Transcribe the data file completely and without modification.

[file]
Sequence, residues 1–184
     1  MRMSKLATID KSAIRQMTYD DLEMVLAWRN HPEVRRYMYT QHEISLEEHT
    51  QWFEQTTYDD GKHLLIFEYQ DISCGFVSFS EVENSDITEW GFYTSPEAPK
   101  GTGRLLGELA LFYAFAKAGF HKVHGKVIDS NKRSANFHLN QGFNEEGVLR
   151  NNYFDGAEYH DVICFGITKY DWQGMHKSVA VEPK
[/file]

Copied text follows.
Sequence, residues 1–184
     1  MRMSKLATID KSAIRQMTYD DLEMVLAWRN HPEVRRYMYT QHEISLEEHT
    51  QWFEQTTYDD GKHLLIFEYQ DISCGFVSFS EVENSDITEW GFYTSPEAPK
   101  GTGRLLGELA LFYAFAKAGF HKVHGKVIDS NKRSANFHLN QGFNEEGVLR
   151  NNYFDGAEYH DVICFGITKY DWQGMHKSVA VEPK